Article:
Distinguishing between objects and concepts does not mean one has to accept that the two are always mutually inert, or that the influence always flows from the object to the concept. In Rewriting the soul, Hacking provides nice instances of how new concepts can resource new ways of being 'mentally ill'. In the London Review of Books article, however, Hacking limits the 'looping' of concepts onto their objects: the phenomena of social sciences (their objects) are not 'indifferent' to the concepts whereas, according to Hacking, the phenomena in the natural sciences are 'indifferent'. In effect, Hacking rediscovers a traditional and a rather worn distinction between the natural and the social sciences (and a rather traditional explanation for the 'undeveloped' state of the latter: that the phenomena of natural science remain invariant across changing theories, whilst those of the social sciences may respond to, and be changed by, the succeeding theories).
We are not sure that Hacking's London Review reflections correctly diagnose the problem with Rewriting the soul, nor that the arguments elaborated in the London Review of Books improve the situation. First, we are not satisfied that Hacking has put his finger precisely upon his problem with the notion of social construction. The question 'What is it that is socially constructed?' (e.g. about multiple personality) may indeed be a helpful one in clarifying the arguments, but the options to which Hacking restricts the answers are not.
First, the 'real' and the 'socially constructed' are not always exclusive alternatives. For instance, the controversy between those in psychiatry who deny and those who assert the reality of dissociative identity disorder is not an argument about whether or not it is a 'social construction'. Arguing that dissociative identity disorder is not real does not commit one to holding that it is constructed (some would say, for instance, that dissociative identify disorder is not an authentic mental disorder but a matter of people 'faking it' or living our fantasies). The converse is even more obvious: arguing that dissociative identity disorder is socially constructed does not mean that one holds that it is therefore unreal.
'Social construction' is nowadays something of a promiscuous expression (as the term ' representation' has become) and we cannot elaborate in a review on all the confusions it generates. But a blunt way to answer the question 'what is socially constructed?' is thus: 'It is the accepted reality of the phenomenon.' But what does this mean? With respect to the dispute between psychiatrists over the reality of dissociative identity disorder, it is the dispute itself which is the matter of 'social construction', rather than any single position within the dispute. Even if consensus were to emerge that dissociative identity disorder is a biologically based phenomenon, this would not in any way diminish its status as a 'social construction.' Nor, we hasten to add, should this latter identification detract from this 'reality', implying that it is 'only' or 'merely' a social construction. The continuing irresolution about the reality of dissociative identity disorder is a matter of organized professional activities, practices and relationships. The analysis of the way in which through these the reality or otherwise of dissociative identity disorder is adjudicated provides the material for analyses of 'social construction.'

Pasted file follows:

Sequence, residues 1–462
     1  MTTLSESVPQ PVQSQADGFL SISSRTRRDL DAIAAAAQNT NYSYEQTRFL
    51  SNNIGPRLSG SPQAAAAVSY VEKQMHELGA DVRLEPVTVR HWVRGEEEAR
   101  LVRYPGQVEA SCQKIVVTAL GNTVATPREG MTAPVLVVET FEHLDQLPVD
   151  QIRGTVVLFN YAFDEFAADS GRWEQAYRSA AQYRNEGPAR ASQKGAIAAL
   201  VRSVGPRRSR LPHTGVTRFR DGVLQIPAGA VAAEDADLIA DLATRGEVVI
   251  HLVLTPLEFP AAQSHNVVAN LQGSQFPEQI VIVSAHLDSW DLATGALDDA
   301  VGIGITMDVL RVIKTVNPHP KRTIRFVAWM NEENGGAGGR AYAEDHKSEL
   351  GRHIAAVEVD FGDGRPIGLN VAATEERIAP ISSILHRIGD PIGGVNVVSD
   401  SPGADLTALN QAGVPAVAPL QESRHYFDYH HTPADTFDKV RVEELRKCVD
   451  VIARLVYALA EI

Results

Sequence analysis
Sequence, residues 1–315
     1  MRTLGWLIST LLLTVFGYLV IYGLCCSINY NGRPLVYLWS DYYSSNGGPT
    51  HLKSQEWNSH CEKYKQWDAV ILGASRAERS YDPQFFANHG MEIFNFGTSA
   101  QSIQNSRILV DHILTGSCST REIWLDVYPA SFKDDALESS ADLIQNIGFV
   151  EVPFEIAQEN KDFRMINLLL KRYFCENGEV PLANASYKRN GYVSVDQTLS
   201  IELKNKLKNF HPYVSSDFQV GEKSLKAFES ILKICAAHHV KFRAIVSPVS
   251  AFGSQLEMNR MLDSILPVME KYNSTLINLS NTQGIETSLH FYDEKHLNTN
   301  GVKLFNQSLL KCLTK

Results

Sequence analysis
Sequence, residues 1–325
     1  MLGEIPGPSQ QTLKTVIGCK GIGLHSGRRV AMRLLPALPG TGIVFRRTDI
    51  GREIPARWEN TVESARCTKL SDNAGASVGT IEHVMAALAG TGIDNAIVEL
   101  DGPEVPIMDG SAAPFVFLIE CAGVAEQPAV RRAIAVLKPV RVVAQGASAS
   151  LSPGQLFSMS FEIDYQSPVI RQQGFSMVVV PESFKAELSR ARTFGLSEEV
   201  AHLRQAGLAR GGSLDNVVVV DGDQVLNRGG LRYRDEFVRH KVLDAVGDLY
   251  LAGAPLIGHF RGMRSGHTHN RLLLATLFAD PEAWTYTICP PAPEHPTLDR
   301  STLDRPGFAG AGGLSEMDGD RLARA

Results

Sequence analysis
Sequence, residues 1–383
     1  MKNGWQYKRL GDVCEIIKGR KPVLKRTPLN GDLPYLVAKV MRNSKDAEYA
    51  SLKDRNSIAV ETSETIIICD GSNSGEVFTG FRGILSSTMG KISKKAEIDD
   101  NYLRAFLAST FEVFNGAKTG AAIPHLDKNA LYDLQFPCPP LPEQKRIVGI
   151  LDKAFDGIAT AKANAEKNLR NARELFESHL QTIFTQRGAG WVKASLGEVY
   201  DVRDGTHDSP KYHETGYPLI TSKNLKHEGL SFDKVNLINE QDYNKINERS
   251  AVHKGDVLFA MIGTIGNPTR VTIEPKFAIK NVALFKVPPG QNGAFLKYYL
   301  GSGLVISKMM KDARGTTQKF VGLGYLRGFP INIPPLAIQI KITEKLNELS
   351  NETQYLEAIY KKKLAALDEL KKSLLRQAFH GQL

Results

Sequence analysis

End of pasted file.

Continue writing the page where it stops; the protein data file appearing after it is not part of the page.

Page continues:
One way of further clarifying our meaning is to suggest some analogy between our analysis of 'social construction' and the phenomenological practice of 'bracketing', insofar as the latter device was intended to disentangle the business of analysis from engagement in the 'ground-level' affirmation and rejection of truth claims. By this analogy, the characterization of something as a 'social construction' does not stand at the same level as the assertions and denials made by disputing parties as to the actuality or otherwise of a given phenomenon, or with respect to the proper identification of the purported phenomenon. Far from aligning itself with either of those standing on different sides of a controversy, it should encompass them both in its depictions, treating them as jointly engaged in the work of 'social construction', i.e. of either endowing the status of 'real' upon, or withholding it, from some phenomenon.
Some sociologists and social psychologists have inflated the notion of 'social construction' out of control. It was originally contrived for sociological purposes, which means that the contrastive category for 'social construction' should include neither philosophical positions such as 'realism', nor other scientific conceptions such as 'the biological', but instead, other sociological standpoints, such as functionalism. Talk of 'social construction' should not be thought of as posing new epistemological and ontological issues but as offering rather a new range of sociological topics. The study of practices for adjudicating whether something is real or not could be added to the study of religious, martial, agricultural, industrial, educational and other practices in which people engaged.
The claim that 'reality is a social construct' may, then, provide no more than a license to engage in the study of the assorted practices whereby persons determine the reality or otherwise of specific phenomena. Assertions about the socially constructed character of psychiatric phenomena would not then be 'ground-floor' contentions about whether or not these phenomena 'really exist', but only about the form of those social practices involved in the conduct, promotion and criticism of various contending approaches to psychiatry (including anti-psychiatric ones). On this view, there is absolutely no need to exempt 'natural' phenomena from the contention that they are socially constructed, nor for those who engage in the investigation of such natural phenomena to feel anxiety on hearing that they are 'constructing' their phenomena. The notion of social construction, so construed, is ontologically and epistemologically innocuous. All the paper expended on arguments over these matters might prove to involve much ado about not very much.
We recommend Rewriting the soul to readers. The book is a very useful resource for anybody interested in multiple personality and its history. They should, however, be aware that even Hacking is not necessarily clear about what his book has actually achieved in broader terms, and has himself voiced serious reservations.
IVAN LEUDAR and WES SHARROCK (Department of Psychology and Sociology, University of Manchester)
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|Author:||Leudar, Ivan; Sharrock, Wes|
|Publication:||British Journal of Psychology|
|Date:||Aug 1, 1999|